Why the world’s biggest cities can’t handle global warming

A recent study by a team of global climate experts found the United States and the UK, which both have populations of around 80 million, would struggle to deal with global warming if temperatures rise at the current rate.

The study was carried out by the International Climate Group and found the US, with a population of about 160 million, could handle the effect of a rise of two degrees Celsius by 2060.

However, the study also found the UK could only cope with the warming effect of two per cent of global temperature rise, meaning the UK would only be able to reduce emissions by half.

The UK has a population around 130 million and has a per capita income of about £12,000.

However the report said it would be “unlikely” for the UK to reduce its emissions by more than 5 per cent.

It said the UK had “low-carbon infrastructure” to deal at the moment, which included a “strong coal-fired electricity sector”.

However the UK has said it will not meet its 2020 target to cut emissions by 35 per cent by 2050, but it is set to meet the target by 2020.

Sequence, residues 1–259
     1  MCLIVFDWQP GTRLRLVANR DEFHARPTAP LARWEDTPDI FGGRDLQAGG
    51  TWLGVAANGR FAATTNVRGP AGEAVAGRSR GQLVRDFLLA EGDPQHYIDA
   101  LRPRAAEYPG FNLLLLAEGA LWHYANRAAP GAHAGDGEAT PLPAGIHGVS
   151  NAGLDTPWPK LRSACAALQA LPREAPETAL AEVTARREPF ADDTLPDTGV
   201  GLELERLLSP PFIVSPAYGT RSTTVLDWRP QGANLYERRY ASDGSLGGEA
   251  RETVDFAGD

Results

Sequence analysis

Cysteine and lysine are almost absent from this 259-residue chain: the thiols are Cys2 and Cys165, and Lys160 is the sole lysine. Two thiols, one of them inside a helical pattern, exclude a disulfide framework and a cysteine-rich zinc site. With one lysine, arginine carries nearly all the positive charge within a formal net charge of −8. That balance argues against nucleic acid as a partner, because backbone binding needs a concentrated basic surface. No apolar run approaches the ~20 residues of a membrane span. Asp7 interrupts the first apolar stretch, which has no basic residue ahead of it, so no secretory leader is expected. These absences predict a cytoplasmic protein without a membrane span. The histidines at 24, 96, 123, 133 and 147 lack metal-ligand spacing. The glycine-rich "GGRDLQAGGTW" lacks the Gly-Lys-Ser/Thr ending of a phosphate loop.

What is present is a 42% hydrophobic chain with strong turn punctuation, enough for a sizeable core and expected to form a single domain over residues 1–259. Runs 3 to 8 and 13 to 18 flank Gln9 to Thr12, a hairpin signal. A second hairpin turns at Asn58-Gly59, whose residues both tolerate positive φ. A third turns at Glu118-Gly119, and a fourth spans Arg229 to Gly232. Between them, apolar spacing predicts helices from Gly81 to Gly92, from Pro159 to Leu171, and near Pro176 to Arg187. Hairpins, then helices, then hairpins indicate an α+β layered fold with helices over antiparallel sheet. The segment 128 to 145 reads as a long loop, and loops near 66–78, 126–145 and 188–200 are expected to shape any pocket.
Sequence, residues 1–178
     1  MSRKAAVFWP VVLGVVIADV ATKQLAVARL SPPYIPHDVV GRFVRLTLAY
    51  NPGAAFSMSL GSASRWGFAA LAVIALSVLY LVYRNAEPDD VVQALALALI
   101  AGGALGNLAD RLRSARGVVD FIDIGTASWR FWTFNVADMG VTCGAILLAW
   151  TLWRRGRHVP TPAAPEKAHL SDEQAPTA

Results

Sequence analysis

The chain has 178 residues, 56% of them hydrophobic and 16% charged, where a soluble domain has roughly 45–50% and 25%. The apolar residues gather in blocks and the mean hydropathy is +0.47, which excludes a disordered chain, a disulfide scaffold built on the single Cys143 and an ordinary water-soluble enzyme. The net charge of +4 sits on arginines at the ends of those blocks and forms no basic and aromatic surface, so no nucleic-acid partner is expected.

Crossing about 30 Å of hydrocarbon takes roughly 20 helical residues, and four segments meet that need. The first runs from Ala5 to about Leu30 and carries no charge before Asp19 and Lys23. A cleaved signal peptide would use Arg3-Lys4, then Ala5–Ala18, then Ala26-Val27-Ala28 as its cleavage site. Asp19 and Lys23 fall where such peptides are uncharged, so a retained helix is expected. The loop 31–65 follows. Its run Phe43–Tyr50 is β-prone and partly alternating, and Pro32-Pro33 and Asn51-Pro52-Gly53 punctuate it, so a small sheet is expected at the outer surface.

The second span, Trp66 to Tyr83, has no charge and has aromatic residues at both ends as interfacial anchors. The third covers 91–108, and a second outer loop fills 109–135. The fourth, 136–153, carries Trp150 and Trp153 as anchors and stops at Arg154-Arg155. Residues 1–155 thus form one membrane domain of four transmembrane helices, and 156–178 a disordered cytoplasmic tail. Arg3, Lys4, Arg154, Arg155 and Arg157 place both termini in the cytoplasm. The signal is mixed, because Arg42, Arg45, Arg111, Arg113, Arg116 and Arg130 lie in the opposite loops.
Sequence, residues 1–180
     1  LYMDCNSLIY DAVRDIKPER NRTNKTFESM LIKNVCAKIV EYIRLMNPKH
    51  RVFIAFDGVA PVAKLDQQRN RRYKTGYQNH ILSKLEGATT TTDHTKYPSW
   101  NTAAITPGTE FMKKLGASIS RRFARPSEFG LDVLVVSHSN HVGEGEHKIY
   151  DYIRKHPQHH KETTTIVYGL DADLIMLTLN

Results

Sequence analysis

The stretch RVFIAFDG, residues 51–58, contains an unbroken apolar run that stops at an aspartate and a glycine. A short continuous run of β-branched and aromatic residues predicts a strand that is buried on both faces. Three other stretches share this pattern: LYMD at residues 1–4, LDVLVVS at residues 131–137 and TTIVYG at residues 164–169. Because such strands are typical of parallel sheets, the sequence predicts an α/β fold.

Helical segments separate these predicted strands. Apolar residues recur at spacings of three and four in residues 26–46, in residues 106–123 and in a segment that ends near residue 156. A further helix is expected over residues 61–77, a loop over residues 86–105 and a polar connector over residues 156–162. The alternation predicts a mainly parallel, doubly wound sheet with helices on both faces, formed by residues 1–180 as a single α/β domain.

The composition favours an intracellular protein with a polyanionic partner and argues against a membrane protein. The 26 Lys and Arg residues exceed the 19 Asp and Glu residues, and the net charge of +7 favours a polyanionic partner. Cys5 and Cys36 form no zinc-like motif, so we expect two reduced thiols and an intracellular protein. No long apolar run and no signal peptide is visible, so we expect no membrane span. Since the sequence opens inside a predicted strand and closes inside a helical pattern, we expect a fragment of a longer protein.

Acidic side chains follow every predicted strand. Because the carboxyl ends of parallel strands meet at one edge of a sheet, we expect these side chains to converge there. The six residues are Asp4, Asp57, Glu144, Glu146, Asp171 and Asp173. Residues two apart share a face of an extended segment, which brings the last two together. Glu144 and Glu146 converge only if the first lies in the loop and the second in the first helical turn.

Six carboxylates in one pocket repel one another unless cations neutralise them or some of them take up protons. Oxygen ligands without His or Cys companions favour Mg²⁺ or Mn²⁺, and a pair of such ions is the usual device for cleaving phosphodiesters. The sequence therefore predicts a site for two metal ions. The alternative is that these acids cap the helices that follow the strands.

A study by the UK Climate Change Institute also found that the UK was “not likely” to meet its target to reduce greenhouse gas emissions by 2070.

The institute found that it would need to reduce carbon dioxide emissions by 3.5 per cent per year for the United Kingdom to meet it.

It found the carbon emissions in the UK’s transport sector alone would need an increase of 2.5 gigatonnes of CO2 per year to reach the target.

However this is a very conservative figure as many fossil fuel based industries rely on coal and other fossil fuels.

A spokeswoman for the Climate Change Department said: “This report is based on a number of factors, including the level of energy efficiency, economic activity, urbanisation and population growth in each of the countries.”

These factors are not the same across the world.

It is also important to remember that the impacts of climate change are complex and require further study.

“The UK currently has a total carbon emissions of about 6.8 gigatonne of CO 2 a year, which is a quarter of the global average.

Climate change is causing major disruptions to agriculture, water and air quality across the country, affecting people’s ability to get around, and the way we live our lives.

A recent report by the World Resources Institute said the climate impacts could cause an additional 10 billion people to be affected by the effects of climate disruption.

It also found there were “many more vulnerable people and communities” that could suffer from climate change.

It estimated that a third of the world will face a severe food shortage by 2050.